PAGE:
We had a great meal at Emeril’s. We let them know when we made our reservation that we wanted the chef to prepare a tasting menu for us.
This was the fourth or fifth time we’ve done this and it is just a wonderful experience. As with any of the celebrity chef chain restaurants, the chefs normally need to follow the formula set out for them. By asking for the tasting menu, I think the chef gets the opportunity to be creative and in this case, James Richards ran with it. We also opted for a wine pairing and our sommelier, Scott McSimov, was great.
We started with a glass of Roederer champagne accompanied by oysters two ways – first chilled with a raspberry granita, lovely greens with a lemony dressing, followed by an oyster shooter which was slightly warm in a cream, bacon and tarragon sauce. The shooter was a standout for the evening.
We then progressed to a light white and I did not keep good track of the wines. We had a lake fish from Iowa accompanied by ramps in an onion vinegar dressing with a few roasted potatoes. It was very tasty, light and delicious.
The next course was a lovely perfectly cooked risotto with fresh peas and seared scallops. This was finished with manchego cheese and a dash of chardonnay vinegar to bring out the flavor of the wine pairing for this course.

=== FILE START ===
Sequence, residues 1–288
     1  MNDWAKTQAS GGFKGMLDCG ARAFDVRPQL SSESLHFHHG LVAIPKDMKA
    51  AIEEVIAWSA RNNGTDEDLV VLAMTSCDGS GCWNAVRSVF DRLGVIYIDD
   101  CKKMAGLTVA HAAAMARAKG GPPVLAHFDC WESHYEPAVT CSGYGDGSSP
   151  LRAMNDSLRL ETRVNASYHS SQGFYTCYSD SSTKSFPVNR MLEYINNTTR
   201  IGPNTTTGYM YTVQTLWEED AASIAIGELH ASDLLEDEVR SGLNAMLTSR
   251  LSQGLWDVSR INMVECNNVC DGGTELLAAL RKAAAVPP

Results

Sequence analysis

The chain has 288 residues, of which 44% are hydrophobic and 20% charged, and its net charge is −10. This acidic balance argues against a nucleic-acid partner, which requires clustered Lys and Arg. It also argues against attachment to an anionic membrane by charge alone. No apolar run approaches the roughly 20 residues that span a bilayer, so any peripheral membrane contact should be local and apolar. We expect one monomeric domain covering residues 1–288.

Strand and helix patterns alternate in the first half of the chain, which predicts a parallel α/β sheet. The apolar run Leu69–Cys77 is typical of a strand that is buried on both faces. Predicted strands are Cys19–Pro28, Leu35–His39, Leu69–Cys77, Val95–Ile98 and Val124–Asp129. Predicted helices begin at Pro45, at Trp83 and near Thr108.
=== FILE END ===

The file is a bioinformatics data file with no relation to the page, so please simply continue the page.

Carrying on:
The next course was a take on smoked salmon. It was salmon roasted on a cedar plank with some chopped egg and roasted tomatoes. I’m not a great fan of smokey flavors but the chef should get an A for effort and creativity. This was paired with a Pinot which worked well with the bolder flavor.
The final savory course was very unusually prepared using what I think was the Modernist technique. The ribeye was frozen solid, then seared with a blow torch (if I remember correctly), then cooked for hours. I think the intent is that it becomes very tender and remains rare throughout without the gray edge. This was paired with morels, mashed potatoes and a generous amount of very tasty foie gras. The accompanying full-bodied wine from Spain was a good match – Numanthia Termes. The steak was not as tender as I expected, but was very tasty.
We ended with a lovely dessert wine – Kracher from Austria - the famous banana cream pie and a turtle cheesecake.
All of the portions were very generous and we could really only have a bite or two of dessert.
During dinner, we learned that there is a kitchen table where we can also have this experience. We may opt for that if there are more than two of us, but our corner booth was very comfortable and we consider this a not-to-be-missed dinner each time we visit Vegas. We finished the evening with a tour of the kitchen and an invitation to return at lunch the next day for the famous Po-Boy. We were in a food coma and passed on this, regretfully. The dinner was $90pp with $55pp for the wine pairing.
Worth a try.
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